Friday 17 August 2012
Last Update 18 August 2012 1:42 pm
TOKYO: Japan’s nominal economic growth will exceed real growth for the first time in 16 years next year, the government said, signaling that a moderate recovery will continue and help the country emerge from deflation.
The forecast may ease pressure on the Bank of Japan for further action to beat deflation, although the government is expected to keep pressure on the central bank to offer more monetary stimulus if slowing overseas growth hurts prospects of recovery.
“Japan’s economy is expected to recovery moderately on robust private demand,” the government said in the forecast issued on Friday, but warned that yen rises and the global slowdown posed risks to the export-reliant economy.
Economics Minister Motohisa Furukawa said the government would not rule out the possibility of compiling a supplementary budget to support new areas of growth, such as green technology, to ensure that the recovery momentum is sustained.
“Now is a good chance to pull Japan out of deflation as soon as possible. It’s important to take various steps for this,” Furukawa said.
In the mid-year growth forecasts, the government said it expects Japan’s economy to expand 1.7 percent in the fiscal year beginning in April 2013, from an anticipated increase of 2.2 percent in the current business year.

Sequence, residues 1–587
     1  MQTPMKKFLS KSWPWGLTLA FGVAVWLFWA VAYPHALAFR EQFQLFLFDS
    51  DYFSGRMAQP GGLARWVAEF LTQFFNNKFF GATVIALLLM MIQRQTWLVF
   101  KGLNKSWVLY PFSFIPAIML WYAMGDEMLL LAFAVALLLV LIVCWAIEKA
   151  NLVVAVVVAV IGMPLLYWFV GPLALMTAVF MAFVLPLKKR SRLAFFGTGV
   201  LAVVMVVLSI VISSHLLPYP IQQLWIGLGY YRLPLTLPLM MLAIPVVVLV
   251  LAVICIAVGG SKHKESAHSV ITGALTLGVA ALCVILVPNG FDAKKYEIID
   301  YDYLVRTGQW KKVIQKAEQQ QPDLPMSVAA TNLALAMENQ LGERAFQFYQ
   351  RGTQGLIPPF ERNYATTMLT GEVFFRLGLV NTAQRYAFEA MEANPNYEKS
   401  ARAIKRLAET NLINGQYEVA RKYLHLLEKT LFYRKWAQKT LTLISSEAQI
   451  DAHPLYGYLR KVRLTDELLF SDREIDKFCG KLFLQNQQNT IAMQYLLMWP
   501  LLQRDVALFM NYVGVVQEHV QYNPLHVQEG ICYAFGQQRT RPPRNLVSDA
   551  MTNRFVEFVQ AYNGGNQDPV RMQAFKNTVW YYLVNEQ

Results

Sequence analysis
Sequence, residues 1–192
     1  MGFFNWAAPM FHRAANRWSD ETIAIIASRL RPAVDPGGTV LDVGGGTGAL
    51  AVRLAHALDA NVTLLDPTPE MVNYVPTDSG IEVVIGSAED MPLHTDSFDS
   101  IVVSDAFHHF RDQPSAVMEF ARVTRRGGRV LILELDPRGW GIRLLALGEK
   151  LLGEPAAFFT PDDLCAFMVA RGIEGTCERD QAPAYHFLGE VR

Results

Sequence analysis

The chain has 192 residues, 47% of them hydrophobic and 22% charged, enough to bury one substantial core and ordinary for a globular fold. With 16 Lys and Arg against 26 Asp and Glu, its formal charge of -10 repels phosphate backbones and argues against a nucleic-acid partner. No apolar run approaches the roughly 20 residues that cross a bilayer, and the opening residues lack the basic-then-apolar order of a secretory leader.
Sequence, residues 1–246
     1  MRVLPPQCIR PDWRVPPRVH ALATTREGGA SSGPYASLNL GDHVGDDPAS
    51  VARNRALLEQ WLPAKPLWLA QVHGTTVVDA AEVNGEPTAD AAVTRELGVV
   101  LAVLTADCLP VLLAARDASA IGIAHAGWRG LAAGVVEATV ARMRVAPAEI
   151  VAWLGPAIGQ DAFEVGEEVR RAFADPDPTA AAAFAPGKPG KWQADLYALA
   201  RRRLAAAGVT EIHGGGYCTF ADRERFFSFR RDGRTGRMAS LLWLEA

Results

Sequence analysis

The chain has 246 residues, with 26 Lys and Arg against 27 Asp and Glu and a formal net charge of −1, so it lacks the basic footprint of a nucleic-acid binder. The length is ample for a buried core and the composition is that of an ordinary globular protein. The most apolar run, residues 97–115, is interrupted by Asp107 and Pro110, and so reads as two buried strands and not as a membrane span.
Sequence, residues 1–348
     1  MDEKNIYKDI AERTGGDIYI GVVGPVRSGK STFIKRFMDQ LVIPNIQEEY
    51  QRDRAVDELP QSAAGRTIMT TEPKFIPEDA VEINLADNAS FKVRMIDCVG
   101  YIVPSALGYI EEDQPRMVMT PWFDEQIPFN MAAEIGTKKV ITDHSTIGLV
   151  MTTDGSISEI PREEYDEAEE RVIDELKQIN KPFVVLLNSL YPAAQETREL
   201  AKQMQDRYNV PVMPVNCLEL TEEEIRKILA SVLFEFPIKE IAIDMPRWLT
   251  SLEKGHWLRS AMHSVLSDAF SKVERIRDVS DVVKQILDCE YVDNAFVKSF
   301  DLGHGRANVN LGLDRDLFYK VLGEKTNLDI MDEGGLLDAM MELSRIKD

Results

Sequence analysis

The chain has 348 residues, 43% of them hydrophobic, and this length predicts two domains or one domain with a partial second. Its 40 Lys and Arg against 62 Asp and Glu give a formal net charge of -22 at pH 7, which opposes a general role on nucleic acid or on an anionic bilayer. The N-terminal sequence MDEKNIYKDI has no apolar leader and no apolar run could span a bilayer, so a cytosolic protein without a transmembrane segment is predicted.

The forecasts matched the BOJ’s projection issued last month and are roughly in line with the median estimate of analysts polled by Reuters in July.
The Cabinet Office, which made the estimate, also said Japan will likely achieve nominal gross domestic product (GDP) growth of 1.9 percent in fiscal 2013, exceeding real GDP growth for the first time in 16 years as it steadily emerges from deflation.
The GDP deflator, a broad measure of price trends, will likely rise 0.2 percent in fiscal 2013 after declining 0.3 percent this business year, as the output gap will steady narrow reflecting Japan’s economic recovery, it said.
The government’s real GDP estimate for the current fiscal year, ending in March 2013, was unchanged from its previous estimate made late last year.
The government said it expected the consumer price index to rise 0.2 percent this year, which would mark the first rise in four years, and by around 0.5 percent in fiscal 2013/14.
The new estimates will serve as a basis for when the government compiles the budget for next fiscal year.
In budget guidelines approved on Friday, the government set its focus on promoting its growth strategy as it aims to strike a balance between efforts to prop up the economy and rein in snowballing debt.
It set spending and borrowing caps to help prevent Japan’s debt, already worth twice its annual economic output, from growing too much, leaving it with little room to offer fiscal support if the economy weakens and putting the onus on the BOJ.
Last week, the government pushed through a plan to raise the 5 percent sales tax to 8 percent in 2014 and to 10 percent in 2015. It is thus keen to convince voters that the economy will have enough momentum to withstand the tax hike’s impact.
Furukawa said a rush in consumer spending expected ahead of the planned sales tax hike will likely offer a boost to the economy of around 0.6 percent of GDP in fiscal 2013.
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